We will be offering Pycnanthemum muticum, sometimes called broad-leaved mountain-mint, clustered mountain-mint or short-toothed mountain mint for sale at our plant sale this spring (check out the events link to find details). Native to several counties in Virginia including Albemarle, Greene, Orange and Fluvanna, Pycnanthemum muticum is found in fens, wet meadows and clearings. Despite its name it is not generally found in mountains.
In a garden environment this plant likes moist well-drained soils in bright shade to full sun. Growing 1-3 feet tall and wide, this plant can be a little bit aggressive in optimum conditions. To control, chop off roots with a shovel in the spring. Better yet, plant this where it can be free to spread with other moisture loving somewhat aggressive plants such as bee balm or obedient plant. The bees and butterflies will thank you because mints produce abundant amounts of nectar attracting many types of butterflies, bees, flies and wasps.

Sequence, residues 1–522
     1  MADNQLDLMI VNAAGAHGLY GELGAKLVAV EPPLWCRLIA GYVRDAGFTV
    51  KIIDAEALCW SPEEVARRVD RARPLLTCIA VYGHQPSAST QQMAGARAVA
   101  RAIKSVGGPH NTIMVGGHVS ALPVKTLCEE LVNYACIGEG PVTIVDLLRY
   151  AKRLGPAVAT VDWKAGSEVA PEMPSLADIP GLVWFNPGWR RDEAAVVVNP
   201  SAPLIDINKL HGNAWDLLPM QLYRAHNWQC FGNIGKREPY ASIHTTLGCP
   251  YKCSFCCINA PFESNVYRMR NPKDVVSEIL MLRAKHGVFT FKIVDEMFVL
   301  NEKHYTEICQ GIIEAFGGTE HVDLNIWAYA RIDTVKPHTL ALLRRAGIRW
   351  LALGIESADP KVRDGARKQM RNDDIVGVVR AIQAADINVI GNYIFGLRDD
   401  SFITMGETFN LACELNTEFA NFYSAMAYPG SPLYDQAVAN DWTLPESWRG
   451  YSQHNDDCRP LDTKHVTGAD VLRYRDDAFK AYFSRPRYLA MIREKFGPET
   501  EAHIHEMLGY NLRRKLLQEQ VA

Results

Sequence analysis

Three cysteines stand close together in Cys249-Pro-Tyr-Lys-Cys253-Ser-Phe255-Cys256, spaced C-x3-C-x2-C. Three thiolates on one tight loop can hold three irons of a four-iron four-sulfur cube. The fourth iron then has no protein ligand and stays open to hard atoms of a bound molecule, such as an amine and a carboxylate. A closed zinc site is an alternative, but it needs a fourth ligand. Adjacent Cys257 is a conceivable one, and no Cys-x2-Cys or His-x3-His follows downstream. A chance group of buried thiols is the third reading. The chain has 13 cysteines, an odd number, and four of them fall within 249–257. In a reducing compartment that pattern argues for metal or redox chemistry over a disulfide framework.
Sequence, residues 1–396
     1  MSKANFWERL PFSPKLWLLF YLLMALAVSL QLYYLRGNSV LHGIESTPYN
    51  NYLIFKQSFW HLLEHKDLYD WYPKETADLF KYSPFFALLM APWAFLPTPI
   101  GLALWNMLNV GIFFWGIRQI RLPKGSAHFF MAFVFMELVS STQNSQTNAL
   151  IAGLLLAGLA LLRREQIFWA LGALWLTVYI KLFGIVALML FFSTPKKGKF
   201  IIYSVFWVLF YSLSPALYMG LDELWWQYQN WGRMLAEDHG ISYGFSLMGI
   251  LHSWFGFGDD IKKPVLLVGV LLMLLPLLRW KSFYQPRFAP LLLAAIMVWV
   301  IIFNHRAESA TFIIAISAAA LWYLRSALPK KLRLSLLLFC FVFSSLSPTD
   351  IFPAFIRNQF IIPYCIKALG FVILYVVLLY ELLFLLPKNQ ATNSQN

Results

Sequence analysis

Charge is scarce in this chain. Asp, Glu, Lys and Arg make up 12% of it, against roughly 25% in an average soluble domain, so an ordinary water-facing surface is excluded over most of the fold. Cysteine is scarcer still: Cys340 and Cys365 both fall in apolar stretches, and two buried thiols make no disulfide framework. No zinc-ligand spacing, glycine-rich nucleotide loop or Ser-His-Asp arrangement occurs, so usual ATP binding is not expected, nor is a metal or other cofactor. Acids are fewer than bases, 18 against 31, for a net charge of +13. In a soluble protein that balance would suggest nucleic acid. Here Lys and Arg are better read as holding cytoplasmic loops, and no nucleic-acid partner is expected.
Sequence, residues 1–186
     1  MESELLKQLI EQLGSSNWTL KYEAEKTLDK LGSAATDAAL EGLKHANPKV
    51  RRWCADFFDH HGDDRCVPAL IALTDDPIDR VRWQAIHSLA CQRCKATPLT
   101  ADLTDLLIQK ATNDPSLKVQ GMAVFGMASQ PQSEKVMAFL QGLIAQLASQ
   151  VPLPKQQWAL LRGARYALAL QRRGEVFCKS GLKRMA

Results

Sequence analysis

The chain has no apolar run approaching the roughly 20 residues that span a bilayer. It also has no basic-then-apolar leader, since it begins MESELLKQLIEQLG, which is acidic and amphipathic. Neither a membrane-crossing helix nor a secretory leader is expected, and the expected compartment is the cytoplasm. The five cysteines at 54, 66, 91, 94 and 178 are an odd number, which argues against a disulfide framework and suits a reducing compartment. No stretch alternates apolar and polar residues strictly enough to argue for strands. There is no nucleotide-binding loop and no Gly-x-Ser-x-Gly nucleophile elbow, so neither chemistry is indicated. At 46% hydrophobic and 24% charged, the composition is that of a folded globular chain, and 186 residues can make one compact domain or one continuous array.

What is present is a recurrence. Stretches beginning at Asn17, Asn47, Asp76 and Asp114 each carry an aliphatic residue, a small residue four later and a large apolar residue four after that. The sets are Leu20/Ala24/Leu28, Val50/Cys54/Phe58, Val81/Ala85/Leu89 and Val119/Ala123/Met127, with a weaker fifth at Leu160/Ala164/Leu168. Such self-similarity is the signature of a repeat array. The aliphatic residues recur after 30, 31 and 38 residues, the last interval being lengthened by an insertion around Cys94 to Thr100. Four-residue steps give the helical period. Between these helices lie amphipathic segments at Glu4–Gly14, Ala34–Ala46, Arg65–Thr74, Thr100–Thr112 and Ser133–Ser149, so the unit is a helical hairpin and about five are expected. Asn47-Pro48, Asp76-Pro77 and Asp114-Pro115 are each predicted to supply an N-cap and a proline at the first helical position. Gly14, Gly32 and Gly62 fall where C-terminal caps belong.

I like to crush a leaf in my hand to enjoy the spearmint smell when I walk by Pycnanthemum muticum. The green leaves are topped with silver color flower bracts. The white blooms, sometimes tinged with purple, blue, pink and/or red are usually covered in pollinators from July to September when in bloom. Water during droughts (at least for a couple of years while it is getting established).